Pot Grower With $6.5 Million to Burn to Open Desert Cultivation Facility
Canndescent CEO Adrian Seldin
Courtesy of Adrian Seldin
It’s no secret there is big money to be made from the burgeoning green rush, with millions, if not billions, just waiting to be plucked from the lush buds of growing cannabis plants throughout the country.
One such Southern California grower recently raised $6.5 million from investors eager to get into the game. It is reportedly the largest seed round on record for a local marijuana grower.
Canndescent, a self-described “cultivator of premium cannabis flower,” plans to turn that hefty chunk of change into a warehouse-sized grow operation in Desert Hot Springs, which voted in 2014 to allow conditional-use permits for cultivation centers. The Santa Barbara–based company will be the city’s first commercial business to take advantage of the ordinance. Canndescent plans to open a series of facilities in the desert over the next two years. The first one will hold a ribbon cutting later in September.
“We have phenomenal product,” says Canndescent CEO Adrian Sedlin. “We’ve been able to assemble the right people around the table and now it’s ‘run like hell toward the future’ time.”
To hear Sedlin tell it, his team has built “state-of-the-art production facilities” the likes of which California’s dusty desert has never seen. Canndescent has already spent close to $250 per square foot on an existing building. The entire operation spans 9,600 square feet and contains more than 6 miles of wires, 300 lights and six flower rooms. Growers plan to harvest crops every 10 days. In other words, Canndescent means business. And so do its investors. In fact, raising money for the facility took less than a year, Sedlin says. He declined to name any investors aside from Texas-based Lee McPherson and Adam Cohen, CEO of MJardin, who are mentioned in the company’s press release, but did indicate that most come from fairly mainstream disciplines. They include doctors, real estate developers and dot-comers eager for a taste of the green rush.
“Cannabis is coming out of the closet, but it still has quite a long way to go before becoming fully socially acceptable to the broad public,” he says. “I’ll know I’ve done my job when most parties I go to have cannabis cheese boards next to their open bar.”
Sedlin and his brother-in-law are the masterminds behind the soon-to-be-large operation. The latter has been growing weed since the 1990s and New York–born Sedlin has an MBA from Harvard. Combined, the two entrepreneurs hope to dive into the high-end cannabis market by offering strains oozing with impressive THC levels — up to 33 percent in some strains, according to the company’s website. Instead of inundating medical marijuana patients with heady names, Canndescent has a different approach to dubbing its various products. Its strains are labeled according to mood and desired effect: calm, create, connect, charge and cruise. They say each strain offers a different kind of experience, conducive to everything from bedtime prep to hiking to getting in the mental zone to assemble Ikea furniture.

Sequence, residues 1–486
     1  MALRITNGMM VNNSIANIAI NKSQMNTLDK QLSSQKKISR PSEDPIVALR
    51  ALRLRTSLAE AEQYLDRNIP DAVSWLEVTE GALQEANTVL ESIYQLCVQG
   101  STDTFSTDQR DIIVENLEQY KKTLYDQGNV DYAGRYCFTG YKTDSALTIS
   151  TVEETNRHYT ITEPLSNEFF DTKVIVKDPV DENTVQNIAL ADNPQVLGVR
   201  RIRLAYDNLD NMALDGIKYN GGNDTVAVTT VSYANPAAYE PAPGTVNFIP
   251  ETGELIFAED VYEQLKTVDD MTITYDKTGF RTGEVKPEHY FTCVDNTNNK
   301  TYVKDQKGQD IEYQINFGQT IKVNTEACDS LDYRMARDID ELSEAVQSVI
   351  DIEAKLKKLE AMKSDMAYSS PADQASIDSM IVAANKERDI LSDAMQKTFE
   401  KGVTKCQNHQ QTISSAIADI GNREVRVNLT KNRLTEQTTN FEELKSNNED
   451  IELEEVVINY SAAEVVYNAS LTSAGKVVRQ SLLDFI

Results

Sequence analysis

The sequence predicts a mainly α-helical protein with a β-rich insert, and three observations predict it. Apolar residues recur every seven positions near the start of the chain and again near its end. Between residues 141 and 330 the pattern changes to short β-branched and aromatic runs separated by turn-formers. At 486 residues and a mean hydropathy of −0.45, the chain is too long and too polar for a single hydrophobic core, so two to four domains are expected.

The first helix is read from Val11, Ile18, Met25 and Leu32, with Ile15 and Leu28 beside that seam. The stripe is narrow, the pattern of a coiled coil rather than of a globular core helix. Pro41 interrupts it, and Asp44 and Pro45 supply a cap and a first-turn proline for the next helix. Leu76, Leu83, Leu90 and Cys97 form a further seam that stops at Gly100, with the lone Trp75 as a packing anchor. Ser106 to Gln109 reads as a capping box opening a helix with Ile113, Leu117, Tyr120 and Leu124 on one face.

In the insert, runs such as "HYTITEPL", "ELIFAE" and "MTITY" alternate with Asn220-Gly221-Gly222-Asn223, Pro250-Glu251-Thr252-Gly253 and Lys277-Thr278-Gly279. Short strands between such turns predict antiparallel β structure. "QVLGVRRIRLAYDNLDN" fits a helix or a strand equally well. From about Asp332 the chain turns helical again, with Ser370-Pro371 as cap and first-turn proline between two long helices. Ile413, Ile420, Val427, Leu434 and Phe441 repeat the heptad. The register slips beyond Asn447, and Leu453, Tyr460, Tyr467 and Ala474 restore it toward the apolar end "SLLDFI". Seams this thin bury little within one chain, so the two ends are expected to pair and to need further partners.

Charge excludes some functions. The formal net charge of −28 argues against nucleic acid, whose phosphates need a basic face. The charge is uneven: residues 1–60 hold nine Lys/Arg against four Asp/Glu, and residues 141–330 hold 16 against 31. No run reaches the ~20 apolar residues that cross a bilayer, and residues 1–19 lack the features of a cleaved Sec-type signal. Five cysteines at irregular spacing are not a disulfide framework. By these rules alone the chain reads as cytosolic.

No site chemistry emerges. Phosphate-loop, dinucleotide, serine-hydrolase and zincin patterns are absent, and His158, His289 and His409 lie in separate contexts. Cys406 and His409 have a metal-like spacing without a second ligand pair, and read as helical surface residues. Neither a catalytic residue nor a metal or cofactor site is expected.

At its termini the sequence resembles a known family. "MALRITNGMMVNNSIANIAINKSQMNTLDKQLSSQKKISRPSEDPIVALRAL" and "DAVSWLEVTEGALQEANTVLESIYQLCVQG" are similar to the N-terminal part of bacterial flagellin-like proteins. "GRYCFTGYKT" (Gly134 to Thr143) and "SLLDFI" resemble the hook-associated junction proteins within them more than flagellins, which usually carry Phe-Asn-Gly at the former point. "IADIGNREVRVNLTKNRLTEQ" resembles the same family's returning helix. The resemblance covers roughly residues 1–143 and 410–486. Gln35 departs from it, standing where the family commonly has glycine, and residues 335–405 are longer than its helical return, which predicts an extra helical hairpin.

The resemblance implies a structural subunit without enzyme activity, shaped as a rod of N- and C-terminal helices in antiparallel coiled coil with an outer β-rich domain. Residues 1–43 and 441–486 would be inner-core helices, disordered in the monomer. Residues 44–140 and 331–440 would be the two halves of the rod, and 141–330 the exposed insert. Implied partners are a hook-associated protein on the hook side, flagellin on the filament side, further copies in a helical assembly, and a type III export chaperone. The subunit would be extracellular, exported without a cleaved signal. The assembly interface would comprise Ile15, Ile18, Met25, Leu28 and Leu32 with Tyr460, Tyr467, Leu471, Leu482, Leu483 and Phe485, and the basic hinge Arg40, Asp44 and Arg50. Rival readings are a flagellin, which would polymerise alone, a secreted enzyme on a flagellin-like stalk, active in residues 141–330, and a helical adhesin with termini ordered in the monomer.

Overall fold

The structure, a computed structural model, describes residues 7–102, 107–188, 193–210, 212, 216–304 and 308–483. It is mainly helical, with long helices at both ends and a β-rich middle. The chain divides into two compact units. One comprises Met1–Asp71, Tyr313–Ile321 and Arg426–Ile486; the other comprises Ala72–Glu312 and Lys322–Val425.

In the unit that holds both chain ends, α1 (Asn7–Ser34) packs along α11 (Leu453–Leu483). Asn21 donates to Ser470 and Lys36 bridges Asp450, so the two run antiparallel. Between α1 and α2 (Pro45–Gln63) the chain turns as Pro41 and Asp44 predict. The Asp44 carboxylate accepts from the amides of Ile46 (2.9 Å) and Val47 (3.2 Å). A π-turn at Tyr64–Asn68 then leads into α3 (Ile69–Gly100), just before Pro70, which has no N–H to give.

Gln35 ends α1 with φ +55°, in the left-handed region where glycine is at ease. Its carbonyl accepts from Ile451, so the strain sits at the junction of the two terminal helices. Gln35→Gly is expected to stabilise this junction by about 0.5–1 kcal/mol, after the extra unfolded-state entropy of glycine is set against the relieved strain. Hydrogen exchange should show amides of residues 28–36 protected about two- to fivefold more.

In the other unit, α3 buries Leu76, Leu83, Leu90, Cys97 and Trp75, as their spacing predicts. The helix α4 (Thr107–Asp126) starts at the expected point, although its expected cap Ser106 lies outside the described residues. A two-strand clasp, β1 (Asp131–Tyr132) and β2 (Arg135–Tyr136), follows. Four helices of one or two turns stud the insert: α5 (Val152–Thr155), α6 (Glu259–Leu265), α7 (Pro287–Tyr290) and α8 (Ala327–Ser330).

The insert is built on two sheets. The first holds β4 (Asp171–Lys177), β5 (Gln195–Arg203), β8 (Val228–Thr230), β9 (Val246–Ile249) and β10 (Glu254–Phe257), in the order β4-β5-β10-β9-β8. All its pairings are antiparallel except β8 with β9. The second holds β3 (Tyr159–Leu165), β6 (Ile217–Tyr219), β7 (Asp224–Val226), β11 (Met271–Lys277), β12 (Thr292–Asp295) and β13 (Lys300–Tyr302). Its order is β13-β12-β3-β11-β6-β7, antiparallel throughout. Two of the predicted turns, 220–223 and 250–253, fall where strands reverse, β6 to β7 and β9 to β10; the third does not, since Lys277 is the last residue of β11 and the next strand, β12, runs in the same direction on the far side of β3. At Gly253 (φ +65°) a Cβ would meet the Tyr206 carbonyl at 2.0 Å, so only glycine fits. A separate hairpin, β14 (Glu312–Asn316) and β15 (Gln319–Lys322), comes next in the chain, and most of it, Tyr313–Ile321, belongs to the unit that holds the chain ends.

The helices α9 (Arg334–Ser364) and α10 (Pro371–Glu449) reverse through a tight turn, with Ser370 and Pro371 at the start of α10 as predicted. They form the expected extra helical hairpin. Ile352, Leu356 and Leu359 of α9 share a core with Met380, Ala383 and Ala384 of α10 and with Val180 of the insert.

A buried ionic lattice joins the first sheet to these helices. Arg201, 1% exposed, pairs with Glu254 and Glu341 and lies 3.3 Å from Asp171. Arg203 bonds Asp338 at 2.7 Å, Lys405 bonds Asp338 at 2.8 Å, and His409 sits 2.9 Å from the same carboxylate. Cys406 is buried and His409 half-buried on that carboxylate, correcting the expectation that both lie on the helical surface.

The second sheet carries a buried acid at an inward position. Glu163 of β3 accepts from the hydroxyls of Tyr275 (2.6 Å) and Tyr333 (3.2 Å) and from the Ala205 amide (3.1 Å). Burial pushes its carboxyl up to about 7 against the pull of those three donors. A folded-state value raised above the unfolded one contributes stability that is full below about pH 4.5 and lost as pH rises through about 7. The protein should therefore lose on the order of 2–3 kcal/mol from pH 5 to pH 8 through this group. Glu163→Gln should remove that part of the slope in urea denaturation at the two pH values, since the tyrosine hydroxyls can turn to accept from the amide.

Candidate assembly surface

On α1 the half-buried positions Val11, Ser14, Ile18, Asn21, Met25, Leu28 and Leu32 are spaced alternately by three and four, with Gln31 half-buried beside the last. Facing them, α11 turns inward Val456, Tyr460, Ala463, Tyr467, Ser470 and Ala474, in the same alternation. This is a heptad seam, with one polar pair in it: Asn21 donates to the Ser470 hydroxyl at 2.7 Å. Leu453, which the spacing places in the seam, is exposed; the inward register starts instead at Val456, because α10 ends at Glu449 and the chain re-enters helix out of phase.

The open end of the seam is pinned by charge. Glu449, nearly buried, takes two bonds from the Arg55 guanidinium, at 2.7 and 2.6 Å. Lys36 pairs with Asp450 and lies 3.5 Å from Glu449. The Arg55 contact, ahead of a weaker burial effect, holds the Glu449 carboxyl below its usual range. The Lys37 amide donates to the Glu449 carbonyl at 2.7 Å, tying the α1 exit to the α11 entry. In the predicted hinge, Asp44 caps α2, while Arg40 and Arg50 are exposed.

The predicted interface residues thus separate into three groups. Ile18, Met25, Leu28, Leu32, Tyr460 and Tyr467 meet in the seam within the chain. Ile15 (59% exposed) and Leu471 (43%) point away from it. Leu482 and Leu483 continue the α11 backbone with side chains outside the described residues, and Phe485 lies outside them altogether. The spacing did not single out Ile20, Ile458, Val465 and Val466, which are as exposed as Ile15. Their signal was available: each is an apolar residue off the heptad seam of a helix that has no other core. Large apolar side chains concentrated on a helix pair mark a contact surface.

Canndescent strains come in various mood and activity descriptors, such as calm, create, connect and charge.
Courtesy of Adrian Seldin
“What Canndescent is trying to do is make cannabis far more accessible to the general public, from a thought and understanding standpoint where it’s not just a subculture thing but where they can actually understand the product benefits,” Sedlin says.
In other words, Canndescent is going for the Apple approach, he says. The company is offering premium products to the mass public in a digestible way. Part of that strategy is bringing together a team of growers who reportedly have more than 75 years of combined cultivation experience. They are responsible for some of the most popular strains found in local dispensaries — Cookie Monster, Hogs Breath and Sugar Cookies, to name a few.
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“These are guys who basically built this industry, pioneers who took arrows a long time ago,” Sedlin says. “Their expertise is not just about knowing the plant. You have to be able to understand the technology and the needs of the plant down to the square inch.”
Sedlin founded Canndescent after attending various trade shows and talking to industry insiders. During these scouting expeditions, he got the impression that the blossoming industry lacked serious business acumen even as markets are rapidly expanding along with legislation. Despite his lack of cannabis industry experience, Sedlin set out to create something akin to a lifestyle brand. Canndescent is billed as luxury without the pretense, high quality without the complex science.
“People should know what they’re putting into their bodies,” Sedlin says, adding that there is a “certain sparkle” to each strain.
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